Deadliest Earthquake in Shaanxi Province: 1556 Shaanxi Earthquake
History’s Deadliest Earthquake in Shaanxi 1556, Leveled Mountains and Reversed Rivers

History’s Deadliest Earthquake in Shaanxi 1556, Leveled Mountains and Reversed Rivers

Khalid Elhassan - October 13, 2018

The Loess Region is the cradle of China’s civilization. It is also a region particularly vulnerable to earthquake damage because loess soil – rich windblown silt that settled over the millennia to depths of up to 300 meters – disintegrates easily when subjected to seismic activity. Between that vulnerability and China’s high population density, many of the world’s most devastating earthquakes have occurred in China. One such struck in 1556, when Ming Dynasty China was rocked by the deadliest earthquake in human history. Epi-centered in the Wei river basin in modern Shaanxi, the upheaval is estimated to have registered 8 on the Richter scale.

The earth split open with fissures up to 70 feet deep, as the ground suddenly rose up in some place to form new hills, while in other places hills crumbled and subsided into valleys. 97 counties in Shaanxi and surrounding provinces were devastated, as the earthquake destroyed nearly everything within an area more than 500 miles wide, and damage was inflicted as far as 310 miles from the epicenter. Fatalities numbered in the hundreds of thousands, and the injured numbered in the millions.

History’s Deadliest Earthquake in Shaanxi 1556, Leveled Mountains and Reversed Rivers
Geology of China. Quora

China’s Shaanxi Province Was and Remains Particularly Vulnerable to Earthquakes

China’s Loess Region is a plateau covering about 250,000 square miles in the upper and middle Yellow River – so named because the loess forming its banks gave it a yellowish tint. The good thing about the region is that the soil that gave it its name and covers the ground in layers up to 300 meters deep, is great for farming. The pale yellow or buff loess sediment is formed by the accumulation of windblown silt comprised of crystals of mica, quartz, feldspar, and other minerals. It is porous, with small empty spaces in the soil that allows for excellent air circulation. It is also friable – that is, easy to break into smaller pieces – which makes it relatively easy to plough, requiring less time and effort from farmers working loess fields.

Such factors tend to make for very rich agriculture, and with the right climatic conditions – water, sun, and the right temperature – loess soil is some of the most fertile and productive terrain in the world. Much of China’s Loess Region has the right climatic conditions, and its rich and readily tilled earth acted like a magnet that attracted farmers since the dawn of the agricultural revolution. Eventually, as population density increased, the region became the cradle of China’s civilization.

However, one of the factors that make loess attractive to farmers and conducive to high population densities – the ease with which it breaks and crumbles – is also a vulnerability. Loose soil might be great for farming, but buildings erected atop it are particularly prone to tumbling down if the ground shakes. Unfortunately, the ground in the Loess Region has a tendency to shake.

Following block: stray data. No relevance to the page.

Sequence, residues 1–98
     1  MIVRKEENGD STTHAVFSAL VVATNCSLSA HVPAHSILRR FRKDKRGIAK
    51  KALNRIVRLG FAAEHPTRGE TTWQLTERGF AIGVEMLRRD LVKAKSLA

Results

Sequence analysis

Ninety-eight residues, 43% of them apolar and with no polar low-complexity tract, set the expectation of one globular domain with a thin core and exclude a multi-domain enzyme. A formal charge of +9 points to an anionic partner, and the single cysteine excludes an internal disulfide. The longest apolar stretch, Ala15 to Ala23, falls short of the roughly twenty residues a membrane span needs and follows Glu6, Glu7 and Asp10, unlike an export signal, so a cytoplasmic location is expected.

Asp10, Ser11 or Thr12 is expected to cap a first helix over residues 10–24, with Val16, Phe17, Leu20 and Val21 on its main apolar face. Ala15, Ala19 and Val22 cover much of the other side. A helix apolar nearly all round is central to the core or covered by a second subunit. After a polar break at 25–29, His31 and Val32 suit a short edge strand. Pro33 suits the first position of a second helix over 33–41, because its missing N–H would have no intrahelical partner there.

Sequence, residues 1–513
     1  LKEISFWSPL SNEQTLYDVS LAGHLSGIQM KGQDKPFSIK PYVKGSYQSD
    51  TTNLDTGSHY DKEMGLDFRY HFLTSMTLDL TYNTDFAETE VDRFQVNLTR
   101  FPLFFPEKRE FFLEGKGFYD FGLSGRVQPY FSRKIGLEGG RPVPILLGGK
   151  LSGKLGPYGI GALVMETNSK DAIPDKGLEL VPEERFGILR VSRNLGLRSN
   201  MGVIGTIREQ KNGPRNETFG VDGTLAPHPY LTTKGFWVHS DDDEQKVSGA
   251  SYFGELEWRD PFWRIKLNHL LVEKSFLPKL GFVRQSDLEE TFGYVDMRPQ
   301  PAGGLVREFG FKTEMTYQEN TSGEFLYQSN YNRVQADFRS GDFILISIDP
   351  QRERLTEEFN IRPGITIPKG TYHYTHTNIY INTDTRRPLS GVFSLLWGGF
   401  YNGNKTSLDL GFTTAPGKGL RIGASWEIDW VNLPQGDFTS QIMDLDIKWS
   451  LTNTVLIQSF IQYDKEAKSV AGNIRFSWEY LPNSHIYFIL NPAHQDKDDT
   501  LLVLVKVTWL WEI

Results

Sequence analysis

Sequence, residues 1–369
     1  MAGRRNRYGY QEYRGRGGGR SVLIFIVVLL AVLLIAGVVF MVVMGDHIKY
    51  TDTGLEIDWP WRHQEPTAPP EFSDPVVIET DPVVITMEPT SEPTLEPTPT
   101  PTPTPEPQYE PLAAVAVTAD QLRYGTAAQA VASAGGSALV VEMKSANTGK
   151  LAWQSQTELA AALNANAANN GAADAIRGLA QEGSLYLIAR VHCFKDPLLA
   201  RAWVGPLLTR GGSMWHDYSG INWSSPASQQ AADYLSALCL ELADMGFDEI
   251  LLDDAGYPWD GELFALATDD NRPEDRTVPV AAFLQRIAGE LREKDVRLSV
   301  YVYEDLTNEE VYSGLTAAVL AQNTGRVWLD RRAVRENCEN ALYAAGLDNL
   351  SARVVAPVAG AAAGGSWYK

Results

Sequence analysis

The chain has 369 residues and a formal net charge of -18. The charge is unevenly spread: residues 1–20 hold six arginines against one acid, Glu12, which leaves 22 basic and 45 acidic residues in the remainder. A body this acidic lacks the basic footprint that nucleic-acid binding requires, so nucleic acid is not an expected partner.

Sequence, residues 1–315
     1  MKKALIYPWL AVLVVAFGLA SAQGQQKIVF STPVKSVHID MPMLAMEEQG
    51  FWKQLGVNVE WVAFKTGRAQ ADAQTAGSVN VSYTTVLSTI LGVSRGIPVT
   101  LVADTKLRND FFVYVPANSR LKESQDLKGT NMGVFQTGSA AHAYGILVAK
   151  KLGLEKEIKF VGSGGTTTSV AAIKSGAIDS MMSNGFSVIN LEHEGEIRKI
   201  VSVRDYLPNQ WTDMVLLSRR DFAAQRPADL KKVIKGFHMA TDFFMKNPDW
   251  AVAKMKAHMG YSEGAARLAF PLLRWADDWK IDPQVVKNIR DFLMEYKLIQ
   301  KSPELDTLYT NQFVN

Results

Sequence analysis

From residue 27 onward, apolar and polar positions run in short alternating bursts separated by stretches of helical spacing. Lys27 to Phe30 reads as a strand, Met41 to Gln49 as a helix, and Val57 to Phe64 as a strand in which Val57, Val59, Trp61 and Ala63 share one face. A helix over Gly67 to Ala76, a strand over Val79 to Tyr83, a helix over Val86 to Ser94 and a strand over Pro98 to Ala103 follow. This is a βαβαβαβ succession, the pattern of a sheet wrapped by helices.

According to plate tectonic theory, the earth’s crust consists of several plates floating on top of molten magma. As the tectonic plates slide over that magma, moving away from or colliding with each other, they produce earthquakes and volcanic activity. Most of China sits atop a major tectonic plate: the Amurian Plate, which is part of the Eurasian Plate. However, in an arc stretching around China and gripping it in a pincer, are the North American Plate, the Philippine Plate, and the Indian Plate, whose collision with China formed the Himalayas (see map above). As those plates converge upon China, they pinch and squeeze it from multiple sides, causing its crust to warp hundreds of miles away from the plate boundaries (see map below). That tectonic activity is why the world’s highest plateau is located in China, and why the world’s highest mountain, Mount Everest, is on China’s doorstep.

History’s Deadliest Earthquake in Shaanxi 1556, Leveled Mountains and Reversed Rivers
Plate tectonic pressures in China. Quora

The Loess Region, and Shaanxi province, in particular, are susceptible to warping from those tectonic plate pressures. Lying smack dab in the middle of historic China, Shaanxi and the surrounding region are constantly squeezed by the tectonic plates converging on the country, creating faults that lend themselves to energetic seismic activity. In other words, when the pressure builds up from tectonic plates pressing in on the one atop which China rests, it sometimes gets released hundreds, or even thousands, of miles away in Shaanxi, in the form of major earthquakes.

History’s Deadliest Earthquake in Shaanxi 1556, Leveled Mountains and Reversed Rivers
The Small Wild Goose Pagoda, whose top fell during the 1556 earthquake. My Veiling

The 1556 Shaanxi Earthquake

Early in the morning of January 23rd, 1556, Ming Dynasty China was rocked by a massive earthquake that was the epicenter in the Wei River Valley’s Huazhou District, in northern China’s Shaanxi Province. The resultant damage, across a region, stretching for hundreds of miles, was extensive, and the loss of life horrific. Because it occurred during the reign of the Jiaging Emperor, the earthquake is often referred to in traditional Chinese history as the Jiajing Earthquake. Today, it is more commonly known as the Shaanxi Earthquake of 1556. Whatever the designation, it proved to be the deadliest earthquake ever recorded in human history.